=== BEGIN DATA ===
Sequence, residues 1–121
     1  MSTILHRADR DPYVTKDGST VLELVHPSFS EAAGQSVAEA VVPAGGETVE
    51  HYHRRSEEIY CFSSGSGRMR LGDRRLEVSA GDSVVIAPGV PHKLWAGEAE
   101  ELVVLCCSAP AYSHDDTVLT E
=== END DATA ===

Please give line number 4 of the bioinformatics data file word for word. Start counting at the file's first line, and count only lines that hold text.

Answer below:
   101  ELVVLCCSAP AYSHDDTVLT E